emergence 1 of 4

Simplifying Complexity
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It’s been said that “Everything is simpler than you can imagine and more complex than you can comprehend.” As one might guess, emergent complexity is rather complex. Nevertheless, with a little imagination, there are simple ways to organize how we think about it.

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FINDING ORDER IN CHAOS
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Emergent complexity, or emergence, is a term typically used to describe the way in which relatively simple interactions can have disproportionately complex results. It involves a kind of grassroots, bottom-up organization that helps explain why we find so much order in a universe that lacks any executive, top-down organization. Everything from superconductivity to ant colonies and other everyday phenomenona are considered to be examples of emergence.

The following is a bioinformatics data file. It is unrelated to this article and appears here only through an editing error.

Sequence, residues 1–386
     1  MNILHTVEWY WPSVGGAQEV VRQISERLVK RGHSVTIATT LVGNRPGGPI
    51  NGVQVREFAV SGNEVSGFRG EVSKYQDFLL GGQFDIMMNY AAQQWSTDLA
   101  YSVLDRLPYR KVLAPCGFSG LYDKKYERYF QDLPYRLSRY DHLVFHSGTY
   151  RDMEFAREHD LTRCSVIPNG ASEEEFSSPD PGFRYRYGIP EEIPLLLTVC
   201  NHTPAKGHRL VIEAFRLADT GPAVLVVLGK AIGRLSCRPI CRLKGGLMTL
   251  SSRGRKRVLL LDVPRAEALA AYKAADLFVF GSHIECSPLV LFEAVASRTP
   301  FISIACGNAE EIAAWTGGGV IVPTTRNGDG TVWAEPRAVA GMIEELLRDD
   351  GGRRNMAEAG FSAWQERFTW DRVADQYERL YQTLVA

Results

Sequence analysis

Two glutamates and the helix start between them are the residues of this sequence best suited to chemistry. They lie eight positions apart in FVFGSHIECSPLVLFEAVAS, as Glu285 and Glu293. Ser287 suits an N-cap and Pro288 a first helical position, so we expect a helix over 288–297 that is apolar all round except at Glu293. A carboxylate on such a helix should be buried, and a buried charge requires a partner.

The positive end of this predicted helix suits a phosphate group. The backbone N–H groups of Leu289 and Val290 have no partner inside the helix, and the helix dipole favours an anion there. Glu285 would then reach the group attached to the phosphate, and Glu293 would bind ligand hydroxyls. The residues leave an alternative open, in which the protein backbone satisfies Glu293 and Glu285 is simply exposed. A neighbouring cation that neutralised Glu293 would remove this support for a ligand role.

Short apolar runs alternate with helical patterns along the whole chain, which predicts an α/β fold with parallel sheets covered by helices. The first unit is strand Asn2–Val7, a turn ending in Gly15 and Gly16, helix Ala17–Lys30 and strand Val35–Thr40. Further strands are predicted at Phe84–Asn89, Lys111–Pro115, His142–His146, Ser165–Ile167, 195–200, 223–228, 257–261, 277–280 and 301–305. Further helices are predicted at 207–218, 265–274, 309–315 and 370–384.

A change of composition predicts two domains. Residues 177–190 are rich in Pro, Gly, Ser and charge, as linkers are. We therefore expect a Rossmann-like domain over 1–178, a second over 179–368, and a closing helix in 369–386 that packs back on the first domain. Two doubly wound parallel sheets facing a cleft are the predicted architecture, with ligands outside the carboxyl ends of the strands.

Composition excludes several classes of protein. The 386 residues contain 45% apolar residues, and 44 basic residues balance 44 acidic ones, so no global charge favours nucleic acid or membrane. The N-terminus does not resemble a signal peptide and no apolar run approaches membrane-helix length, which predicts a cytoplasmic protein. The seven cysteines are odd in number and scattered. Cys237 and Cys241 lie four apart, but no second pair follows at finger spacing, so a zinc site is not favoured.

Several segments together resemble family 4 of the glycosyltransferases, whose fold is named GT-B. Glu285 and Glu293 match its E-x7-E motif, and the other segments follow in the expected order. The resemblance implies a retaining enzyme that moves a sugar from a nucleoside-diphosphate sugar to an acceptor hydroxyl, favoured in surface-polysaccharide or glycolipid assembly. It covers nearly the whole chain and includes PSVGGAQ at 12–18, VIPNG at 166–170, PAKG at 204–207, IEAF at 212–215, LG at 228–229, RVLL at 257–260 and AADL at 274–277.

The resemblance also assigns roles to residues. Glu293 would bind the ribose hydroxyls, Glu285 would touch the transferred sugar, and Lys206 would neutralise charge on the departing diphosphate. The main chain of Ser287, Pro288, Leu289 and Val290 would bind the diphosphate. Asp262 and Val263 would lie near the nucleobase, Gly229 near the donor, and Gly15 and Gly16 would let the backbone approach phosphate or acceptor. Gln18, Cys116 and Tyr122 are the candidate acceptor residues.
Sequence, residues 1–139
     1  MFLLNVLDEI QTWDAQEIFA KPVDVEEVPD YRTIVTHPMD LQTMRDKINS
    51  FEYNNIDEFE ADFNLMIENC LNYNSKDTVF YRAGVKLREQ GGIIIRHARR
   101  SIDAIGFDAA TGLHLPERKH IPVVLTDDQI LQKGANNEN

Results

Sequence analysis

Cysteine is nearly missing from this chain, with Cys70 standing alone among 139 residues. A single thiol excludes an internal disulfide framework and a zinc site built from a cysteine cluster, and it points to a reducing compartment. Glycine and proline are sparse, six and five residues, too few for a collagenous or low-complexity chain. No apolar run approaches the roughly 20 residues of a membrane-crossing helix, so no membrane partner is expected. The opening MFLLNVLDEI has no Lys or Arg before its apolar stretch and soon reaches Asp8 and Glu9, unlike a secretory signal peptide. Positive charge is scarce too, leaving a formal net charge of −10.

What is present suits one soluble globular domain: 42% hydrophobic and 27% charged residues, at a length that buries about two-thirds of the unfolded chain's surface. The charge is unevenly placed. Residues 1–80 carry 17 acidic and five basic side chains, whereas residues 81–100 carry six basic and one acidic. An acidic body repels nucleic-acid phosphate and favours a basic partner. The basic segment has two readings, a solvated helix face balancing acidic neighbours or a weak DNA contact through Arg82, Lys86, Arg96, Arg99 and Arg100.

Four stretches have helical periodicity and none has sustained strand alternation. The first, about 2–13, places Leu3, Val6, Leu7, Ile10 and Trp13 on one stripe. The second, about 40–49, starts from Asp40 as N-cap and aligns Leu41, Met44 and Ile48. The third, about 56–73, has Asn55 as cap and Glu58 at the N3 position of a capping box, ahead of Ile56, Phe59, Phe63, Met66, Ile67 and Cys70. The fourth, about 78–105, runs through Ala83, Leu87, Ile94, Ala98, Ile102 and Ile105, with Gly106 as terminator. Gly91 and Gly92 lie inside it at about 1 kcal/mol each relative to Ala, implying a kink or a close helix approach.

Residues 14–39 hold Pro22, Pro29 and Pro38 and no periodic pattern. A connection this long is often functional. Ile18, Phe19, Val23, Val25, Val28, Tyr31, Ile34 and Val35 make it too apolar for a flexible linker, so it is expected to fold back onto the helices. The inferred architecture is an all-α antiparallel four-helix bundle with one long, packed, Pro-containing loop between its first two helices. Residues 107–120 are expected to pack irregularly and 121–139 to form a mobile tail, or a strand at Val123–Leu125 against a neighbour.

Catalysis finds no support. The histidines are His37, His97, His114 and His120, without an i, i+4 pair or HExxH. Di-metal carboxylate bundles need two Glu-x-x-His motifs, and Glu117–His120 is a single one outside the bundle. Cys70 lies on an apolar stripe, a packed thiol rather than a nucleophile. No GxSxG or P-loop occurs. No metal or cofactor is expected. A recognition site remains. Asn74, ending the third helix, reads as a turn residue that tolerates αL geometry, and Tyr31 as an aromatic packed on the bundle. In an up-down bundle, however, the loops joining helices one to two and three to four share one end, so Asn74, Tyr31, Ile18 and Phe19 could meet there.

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EMERGING THEMES


Yet all of these examples of emergence involve very different sorts of interactions. The only way to create a useful framework for describing emergence would require finding a common thread among them. Fortunately, that’s what Wilensky and Resnick (1999) did when they explained the significance of emergent levels to the study of complexity.

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HIGHER LEVEL THINKING
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Of course, not all levels are created equally. Emergent levels are informed by specific dynamic, part-whole, and cause and effect relationships. If we organize these relationships into dimensions of patterns and levels of interaction, they provide the basis for an emergent systems framework.